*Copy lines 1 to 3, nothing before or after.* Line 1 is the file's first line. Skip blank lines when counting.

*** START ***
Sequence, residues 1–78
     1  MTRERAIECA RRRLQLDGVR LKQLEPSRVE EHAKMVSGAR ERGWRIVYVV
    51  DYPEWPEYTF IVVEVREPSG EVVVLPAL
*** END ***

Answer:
Sequence, residues 1–78
     1  MTRERAIECA RRRLQLDGVR LKQLEPSRVE EHAKMVSGAR ERGWRIVYVV
    51  DYPEWPEYTF IVVEVREPSG EVVVLPAL